GRACE: Director Paul Solet in person! PLUS! after-party info

July 12th, 2009 05:28:00


Paul Solet’s debut feature (and Special Jury Prize for Best Feature Film at the Gérardmer Fantastic Film Festival 2009) deals with one of the most horrifying things a woman can experience - an in-utero stillbirth - and the emotional disintegration that often accompanies such an experience. "I found that to be just this beautiful little kernel of horror," recalled Solet in a Fangoria interview. "I mean, that’s body horror, that’s the real deal."

GRACE was produced by HATCHET’s Adam Green through a deal his company Ariescope had made with Anchor Bay. But While Green and fellow next-gen horror filmmaker Eli Roth (the latter in an unofficial capacity) were pivotal behind the scenes, the two are adamant that audiences not expect GRACE to be the type of tongue-in-cheek splatter film they are known for. Still, that didn’t stop two men from fainting at the Sundance premiere earlier this year. "It's really worth noting that they were not fainting because of gore," assured Solet in an interview with Shock Til You Drop. "They were fainting because of the subject matter because it's so uncomfortable, and that to me is the ultimate compliment."

Jordan Ladd (DEATH PROOF, CABIN FEVER) stars as Madeline, a beautiful yuppie princess who loses her husband and their unborn child in a car accident. She carries the dead baby to term and delivers it with the help of a midwife - only to have the baby miraculously return to life with an appetite for blood. Based on Solet’s own award-winning short film of the same name from 2006 (starring Gilmore Girls regular Liza Weil in the same role), GRACE recalls the baby-horror fever of the 1970s that accompanied the fallout from experimental pregnancy medication (such as thalidomide and diethylstilbestrol - also the inspiration for Cronenberg’s SCANNERS) and the rise of feminism - these two factors combined with the release of ROSEMARY’S BABY (1968) were enough to have condom sales through the roof.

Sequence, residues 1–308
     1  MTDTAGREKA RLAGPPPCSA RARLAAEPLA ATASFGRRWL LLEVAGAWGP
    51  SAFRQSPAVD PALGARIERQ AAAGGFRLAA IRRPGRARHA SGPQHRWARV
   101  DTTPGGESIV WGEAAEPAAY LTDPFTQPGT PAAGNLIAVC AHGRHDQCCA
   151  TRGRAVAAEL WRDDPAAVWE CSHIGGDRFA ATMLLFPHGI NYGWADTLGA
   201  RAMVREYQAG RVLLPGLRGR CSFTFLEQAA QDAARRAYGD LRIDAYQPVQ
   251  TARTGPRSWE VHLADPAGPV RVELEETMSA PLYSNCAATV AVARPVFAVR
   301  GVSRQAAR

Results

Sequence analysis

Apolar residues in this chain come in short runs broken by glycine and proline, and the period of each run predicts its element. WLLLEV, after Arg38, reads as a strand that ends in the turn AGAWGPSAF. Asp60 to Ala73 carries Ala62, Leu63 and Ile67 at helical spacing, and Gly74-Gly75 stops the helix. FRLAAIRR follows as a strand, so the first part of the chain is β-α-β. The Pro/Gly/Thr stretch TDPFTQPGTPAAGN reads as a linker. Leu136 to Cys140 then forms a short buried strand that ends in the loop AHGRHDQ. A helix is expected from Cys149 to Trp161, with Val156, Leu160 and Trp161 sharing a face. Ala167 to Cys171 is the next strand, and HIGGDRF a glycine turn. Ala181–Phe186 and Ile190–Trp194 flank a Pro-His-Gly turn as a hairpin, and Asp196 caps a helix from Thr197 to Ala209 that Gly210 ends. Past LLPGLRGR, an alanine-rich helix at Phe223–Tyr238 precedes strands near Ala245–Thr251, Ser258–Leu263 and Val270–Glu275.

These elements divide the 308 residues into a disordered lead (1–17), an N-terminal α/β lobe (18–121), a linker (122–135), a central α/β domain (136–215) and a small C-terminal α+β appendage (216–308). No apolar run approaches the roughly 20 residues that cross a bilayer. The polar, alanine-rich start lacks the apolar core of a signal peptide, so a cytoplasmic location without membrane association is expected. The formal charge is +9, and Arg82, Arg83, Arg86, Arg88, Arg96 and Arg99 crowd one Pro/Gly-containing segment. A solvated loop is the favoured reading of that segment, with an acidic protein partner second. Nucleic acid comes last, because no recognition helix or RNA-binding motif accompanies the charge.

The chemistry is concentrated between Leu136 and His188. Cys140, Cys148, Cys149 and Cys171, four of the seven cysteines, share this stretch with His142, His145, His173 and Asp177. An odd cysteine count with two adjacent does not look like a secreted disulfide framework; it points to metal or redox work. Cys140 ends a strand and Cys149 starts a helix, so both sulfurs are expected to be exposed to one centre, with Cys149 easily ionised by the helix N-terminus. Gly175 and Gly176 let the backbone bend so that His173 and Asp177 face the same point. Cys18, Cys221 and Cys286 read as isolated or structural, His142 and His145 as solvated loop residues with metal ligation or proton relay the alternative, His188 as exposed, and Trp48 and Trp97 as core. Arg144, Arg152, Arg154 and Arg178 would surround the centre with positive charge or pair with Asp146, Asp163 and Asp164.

But ROSEMARY’S BABY isn’t the only Polanski film referenced by GRACE. REPULSION stands as a milestone in the history of women’s horror pictures, and offers a fitting comparison for Madeline’s gradual mental deterioration. Still, the GRACE team take care to make Madeline less overtly crazy than her counterpart in Polanski’s neurotic masterpiece, and these ‘everywoman’ qualities are perhaps what have prompted such extreme reactions to the film. After all, if you’re a woman - specifically a pregnant woman or a mother - you can’t help but be affected and disturbed by GRACE’s implications.

Although associated with early 70s cinema (the IT’S ALIVE trilogy (1974-1987), THE OMEN (1976), WHO CAN KILL A CHILD? (1976), THE BROOD (1979), SHOCK (1977), and DEVIL TIMES FIVE (1974)), the fear of children never really went away (either in real life or in the movies). Even this year at Fantasia, the tot-terror subgenre is represented by three films: GRACE, ORPHAN and THE CHILDREN. But while the theme isn’t new, the proliferation of female horror fans is, and in that sense the films become topical on a whole new level.

- Kier-La Janisse


GRACE plays on Sunday July 12 at 7:20pm in the Hall Theatre with director Paul Solet in person, and again on Wednesday July 15th at 1:00pm in the Salle JA de Seve. For more info, including synopsis, images and trailers, see the film page HERE.

ORPHAN plays on Wednesday July 22 at 9:30pm in the Hall Theatre. For more info, including synopsis, images and trailers, see the film page HERE.

THE CHILDREN plays on Friday July 24 at 10:15pm in the Hall Theatre, and again on Monday July 27 at 7:30pm in the Salle JA De Seve. For more info, including synopsis, images and trailers, see the film page HERE.


The Fantasia Party Massacre I

The first of three FANTASIA FILM FEST parties at Saphir during the month of July!
Saphir & Fantasia host the after-party for Paul Solet's Sundance smash GRACE. GRACE Writer-Director Paul Solet will be present!

Come and dance all night to electro-rock, retro-pop, brit-pop, rock, glam, new wave, etc...

It all happens at Club Saphir
3699 St-Laurent, Montréal
10pm Sunday, July 12th.

Cover is $4.
Admission is free for Fantasia Fest pass holders!


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